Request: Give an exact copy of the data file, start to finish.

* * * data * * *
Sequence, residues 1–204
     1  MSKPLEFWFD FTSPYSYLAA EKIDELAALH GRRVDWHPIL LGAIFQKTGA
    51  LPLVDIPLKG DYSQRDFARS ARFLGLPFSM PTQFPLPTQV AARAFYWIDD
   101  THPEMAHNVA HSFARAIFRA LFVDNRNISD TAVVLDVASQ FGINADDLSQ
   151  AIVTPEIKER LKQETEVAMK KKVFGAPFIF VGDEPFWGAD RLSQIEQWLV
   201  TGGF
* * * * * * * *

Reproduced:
Sequence, residues 1–204
     1  MSKPLEFWFD FTSPYSYLAA EKIDELAALH GRRVDWHPIL LGAIFQKTGA
    51  LPLVDIPLKG DYSQRDFARS ARFLGLPFSM PTQFPLPTQV AARAFYWIDD
   101  THPEMAHNVA HSFARAIFRA LFVDNRNISD TAVVLDVASQ FGINADDLSQ
   151  AIVTPEIKER LKQETEVAMK KKVFGAPFIF VGDEPFWGAD RLSQIEQWLV
   201  TGGF